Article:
Nadianos does however represent the relative we could all one day have, a relative who lives in a world (further implemented by his closer circle) that understand the concept of human dignity enough to not rape but not enough to not joke about it. And this is troubling because it belittles the assault in every which way, blames the victim for drinking too much, contributing to her own “dead” and wiping away any agency that the women has in life because she had no physical agency at that moment. It’s shocking and revolting and a thought further drilled into your brain that people will find any common interest and unify around it the more you watch the unfortunate video.

In fact I could not get that hypothesis and this video out my head for hours after I stopped watching it, an appalling truth for someone who watches true crime murder documentaries like their favorite sitcom before going to their bed alone.

It’s important to mention Nadianos is a waiting predator. You get the feeling that he would have done something to if he had the time and opportunity and ironically maybe not a camera filming him. You get the idea that as much as he liked documenting the assault he might also like to be one of the “stars” of it.

But somewhere close to the 4:15 mark of the infamous video someone we recognize enters the narrative. A voice from outside the film (we never see him/them.) He’s all of us, and he’s the son that everyone wants if he, for any unfortunate reason, had to be one of the characters occupying this terrible night.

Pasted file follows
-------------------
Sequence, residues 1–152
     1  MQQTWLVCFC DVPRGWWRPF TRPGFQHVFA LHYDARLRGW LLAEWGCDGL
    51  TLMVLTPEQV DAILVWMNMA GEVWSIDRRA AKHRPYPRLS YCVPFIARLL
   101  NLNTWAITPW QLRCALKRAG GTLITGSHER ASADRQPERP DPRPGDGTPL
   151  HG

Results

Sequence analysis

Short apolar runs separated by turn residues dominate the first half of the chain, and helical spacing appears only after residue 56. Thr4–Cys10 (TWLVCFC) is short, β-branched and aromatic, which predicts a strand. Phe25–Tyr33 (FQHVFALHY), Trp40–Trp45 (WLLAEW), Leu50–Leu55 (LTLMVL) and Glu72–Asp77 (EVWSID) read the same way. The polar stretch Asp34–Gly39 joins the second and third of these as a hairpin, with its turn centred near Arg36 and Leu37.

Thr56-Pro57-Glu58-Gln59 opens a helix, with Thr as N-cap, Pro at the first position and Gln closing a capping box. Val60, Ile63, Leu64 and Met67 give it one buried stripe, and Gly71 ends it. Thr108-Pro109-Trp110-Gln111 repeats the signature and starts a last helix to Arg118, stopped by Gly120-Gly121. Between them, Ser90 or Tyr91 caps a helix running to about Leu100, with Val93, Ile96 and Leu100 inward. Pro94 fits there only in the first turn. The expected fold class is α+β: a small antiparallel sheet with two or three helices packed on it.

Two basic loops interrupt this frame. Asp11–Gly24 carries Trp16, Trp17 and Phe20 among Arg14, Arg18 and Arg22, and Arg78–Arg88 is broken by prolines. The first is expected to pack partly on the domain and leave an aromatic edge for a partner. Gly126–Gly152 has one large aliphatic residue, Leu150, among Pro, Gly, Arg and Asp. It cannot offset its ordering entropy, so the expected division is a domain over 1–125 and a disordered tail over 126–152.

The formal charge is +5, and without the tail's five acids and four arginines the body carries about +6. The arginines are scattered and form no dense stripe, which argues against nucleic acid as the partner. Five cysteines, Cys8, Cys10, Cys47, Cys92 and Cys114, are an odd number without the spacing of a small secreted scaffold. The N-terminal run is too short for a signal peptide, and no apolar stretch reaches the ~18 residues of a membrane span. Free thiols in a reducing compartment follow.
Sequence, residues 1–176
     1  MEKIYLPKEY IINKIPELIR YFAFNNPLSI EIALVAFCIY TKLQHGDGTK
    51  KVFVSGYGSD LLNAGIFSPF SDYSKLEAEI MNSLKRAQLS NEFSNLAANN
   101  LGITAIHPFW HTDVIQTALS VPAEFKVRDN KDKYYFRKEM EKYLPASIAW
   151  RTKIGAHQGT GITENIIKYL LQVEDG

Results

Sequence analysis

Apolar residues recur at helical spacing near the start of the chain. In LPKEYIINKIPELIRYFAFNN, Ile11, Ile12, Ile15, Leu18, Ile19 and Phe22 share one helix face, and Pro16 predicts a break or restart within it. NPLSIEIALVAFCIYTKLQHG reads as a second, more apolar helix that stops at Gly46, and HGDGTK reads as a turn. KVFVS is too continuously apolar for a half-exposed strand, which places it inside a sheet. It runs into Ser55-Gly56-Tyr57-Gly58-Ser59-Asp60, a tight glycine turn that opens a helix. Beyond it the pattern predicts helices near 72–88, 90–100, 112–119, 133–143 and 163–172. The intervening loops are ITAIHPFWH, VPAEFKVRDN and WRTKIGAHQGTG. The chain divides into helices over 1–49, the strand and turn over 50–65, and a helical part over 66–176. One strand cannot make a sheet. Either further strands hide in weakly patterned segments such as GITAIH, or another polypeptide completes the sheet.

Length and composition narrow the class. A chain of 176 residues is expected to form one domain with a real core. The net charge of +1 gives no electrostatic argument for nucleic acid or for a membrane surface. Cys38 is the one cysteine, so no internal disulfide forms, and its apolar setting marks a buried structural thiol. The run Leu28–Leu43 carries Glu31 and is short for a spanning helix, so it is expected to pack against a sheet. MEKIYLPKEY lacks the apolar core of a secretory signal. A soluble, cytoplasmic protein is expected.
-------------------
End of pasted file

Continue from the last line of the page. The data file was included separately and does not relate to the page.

The male voice off camera states, as Nadianos is still laughing, “”That’s not cool bro” and “That’s like rape. It is rape. They raped her.”

Nadianos has a moment to understand what exactly he has been joking about for the past four minutes, a moment where he could recant and turn a new leaf. Instead he turns it into a joke. “They raped her quicker than Mike Tyson!”

The “voice of reason” (unseen) tries again. “”What if that was your daughter?”

“But it isn’t,” Nodianos replies “shutting him down” for good.

And just like that you hear with half-hearted sighs the distaste in the other men’s demeanor off screen. They are the ones who realize how sickening these statements are, but who have “done enough.”

They mentioned how it was “not cool” and then tried to appeal to a more realistic side of how men in our culture view rape, the familiar but misguided idea: what if that was someone who was close to you. They mention the daughter he does not have, even his sister. But Nodianos ignores them all because he has a person behind the camera (phone) validating him in every way he wants. He continues filming and continues laughing and Nadianos is unaware that what he is doing is wrong because those reprimanding him are not standing up any more than if he had cheated in a game of beer pong. In all honesty, they might be more upset about an unfair game of beer pong. Their anger about the assault, warranted, was most likely forgotten in conversation as they ate whatever they could to soak up their alcohol.

But those teenagers off camera, the ones who objected and went on to live their lives never once in the following months hunted by media, those boys are my son. They are probably most people’s sons. They know something is wrong, they understand a crime has been committed that goes beyond something as trivial as property damage, they feel it within the depths of the person that they are. Whether they have realized the legal ramifications of what has occurred or whether or not they believe anyone will be held to that crime is insignificant. Yes it might be possible they are “saving skin” so to speak, because being witness to someone saying something so irresponsible they were fearful it might come back to bight them in the ass, but in reality they felt that incredible uncomfortable feeling that boils down to knowing they are witness to something wrong but they feel completely lost as to what to do next.